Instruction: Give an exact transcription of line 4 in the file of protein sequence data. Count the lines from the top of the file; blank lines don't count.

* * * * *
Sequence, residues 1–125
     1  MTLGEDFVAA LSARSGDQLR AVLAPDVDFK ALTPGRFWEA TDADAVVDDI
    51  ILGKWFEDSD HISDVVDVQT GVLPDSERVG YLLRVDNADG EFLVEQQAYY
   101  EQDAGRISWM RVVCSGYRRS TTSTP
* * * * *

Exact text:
   101  EQDAGRISWM RVVCSGYRRS TTSTP